Not by Bread Alone: The Principles of Human Nutrition (Google eBook)

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Hearst's International Library Company, 1915 - Nutrition - 374 pages
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Page 284 - ... age of childhood the care of the teeth, while not so important, is no less desirable. It is not at all uncommon at the present time to see men and women of middle age with false teeth, or with none at all. This, of course, means simply improper development of the teeth, or carelessness in their use. I do not know of any reason why the teeth should not last as long as the eye or the ear or any other organ of the body. While I am aware that age lessens the usefulness of all the organs of the body,...
Page 295 - Thus while there actually may be more protein in a given amount of graham or entire-wheat flour than in the same weight of patent flour from the same wheat, the body obtains less of the protein and energy from the coarse flour than it does from the fine, because, although the including of the bran and germ increases the percentage of protein, it decreases its digestibility.
Page 20 - The accepted unit of heat is defined as that quantity of heat which will raise the temperature of one gram of water from 15 to 16 degrees Centigrade.
Page 20 - Calorie designates the quantity of heat required to raise one kilogram (2.2 pounds) of water one degree centigrade.
Page 296 - Bulletin 103, Maine Experiment Station. " The nutritive value of flour, in so far as the quantities of digestible protein, fats, and carbohydrates, and available energy are concerned, is not increased by milling the wheat in such a way as to retain large proportions of bran and germ. "The differences in the amounts of total nutrients furnished the body by the various grades of flour are, however, relatively small, all grades being quite thoroughly digested. " The coarser flours have a tendency to...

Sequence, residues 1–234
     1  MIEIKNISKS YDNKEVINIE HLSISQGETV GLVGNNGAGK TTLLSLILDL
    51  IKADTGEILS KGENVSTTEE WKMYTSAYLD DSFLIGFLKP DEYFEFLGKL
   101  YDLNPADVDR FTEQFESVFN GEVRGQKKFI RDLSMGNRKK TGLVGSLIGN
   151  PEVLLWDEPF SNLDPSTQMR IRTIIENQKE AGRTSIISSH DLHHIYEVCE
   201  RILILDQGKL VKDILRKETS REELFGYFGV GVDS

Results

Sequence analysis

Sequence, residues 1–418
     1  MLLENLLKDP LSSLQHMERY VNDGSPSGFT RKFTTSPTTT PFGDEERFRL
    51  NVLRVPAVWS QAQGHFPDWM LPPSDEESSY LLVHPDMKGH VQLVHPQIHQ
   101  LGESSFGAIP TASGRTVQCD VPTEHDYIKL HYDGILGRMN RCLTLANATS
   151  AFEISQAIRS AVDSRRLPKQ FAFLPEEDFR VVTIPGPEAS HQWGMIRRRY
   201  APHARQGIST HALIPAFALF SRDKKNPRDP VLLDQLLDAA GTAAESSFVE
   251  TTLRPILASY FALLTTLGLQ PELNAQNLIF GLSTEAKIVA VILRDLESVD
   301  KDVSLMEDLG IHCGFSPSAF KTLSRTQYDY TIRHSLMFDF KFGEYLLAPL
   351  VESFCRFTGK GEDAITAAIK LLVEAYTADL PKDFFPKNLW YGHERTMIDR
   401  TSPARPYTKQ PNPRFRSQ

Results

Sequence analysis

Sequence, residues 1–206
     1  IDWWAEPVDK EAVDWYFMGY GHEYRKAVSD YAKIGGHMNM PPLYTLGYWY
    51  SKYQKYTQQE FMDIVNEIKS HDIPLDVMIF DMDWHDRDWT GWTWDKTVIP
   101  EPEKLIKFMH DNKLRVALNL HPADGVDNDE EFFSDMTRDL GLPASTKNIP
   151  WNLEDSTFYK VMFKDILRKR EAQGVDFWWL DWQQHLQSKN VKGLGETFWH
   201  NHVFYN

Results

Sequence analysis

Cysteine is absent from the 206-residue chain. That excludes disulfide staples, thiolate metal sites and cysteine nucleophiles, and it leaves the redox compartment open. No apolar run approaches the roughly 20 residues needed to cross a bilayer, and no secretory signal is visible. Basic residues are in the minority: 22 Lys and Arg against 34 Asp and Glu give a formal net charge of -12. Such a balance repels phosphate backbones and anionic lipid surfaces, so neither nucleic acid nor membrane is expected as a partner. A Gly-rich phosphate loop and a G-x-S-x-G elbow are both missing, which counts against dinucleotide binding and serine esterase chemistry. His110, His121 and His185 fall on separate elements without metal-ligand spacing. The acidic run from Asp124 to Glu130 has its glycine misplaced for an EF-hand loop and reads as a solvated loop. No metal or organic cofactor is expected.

Page 273 - Socalled blood-poisoning and death have been frequent results of diseased teeth. Some forms of inflammatory rheumatism are believed to be caused by the infection of pyorrhoea, and in general the health is injured in proportion as the teeth are affected.
Page 186 - States are concisely summarized in the preceding table, and, in a word, indicate that, roughly speaking, alcohol may have been directly or indirectly responsible for about 66,000 deaths in Continental United States in 1908, or for about one in every thirteen deaths at adult ages, a figure equivalent to 5.1 per cent.
Page 296 - ... of bran and germ. The differences in the amounts of total nutrients furnished the body by the various grades of flour are, however, relatively small, all grades being quite thoroughly digested. The coarser flours have a tendency to increase peristaltic action, and are on this account especially valuable for some persons. Judged by composition and digestibility, all the flours are very nutritious foods, which experience has shown are wholesome as well.
Page 274 - Washington has had a partial dental inspection of the 00,000 children in its public schools. From the dental inspector, who gives half his time to this work, I have obtained the following data : During two years he has examined 10,230 of the school children of the city, between the ages of six and sixteen years. He has found 32,307 cavities in the teeth of these children. He has found that of the permanent teeth 984 have been lost. He found a total of 81,910 teeth that needed systematic cleaning,...
Page 288 - The focus of infection may be located anywhere in the body. The usual site is in the head, in the form of alveolar abscess, deep tonsillar or peritonsillar abscess and chronic sinusitis.

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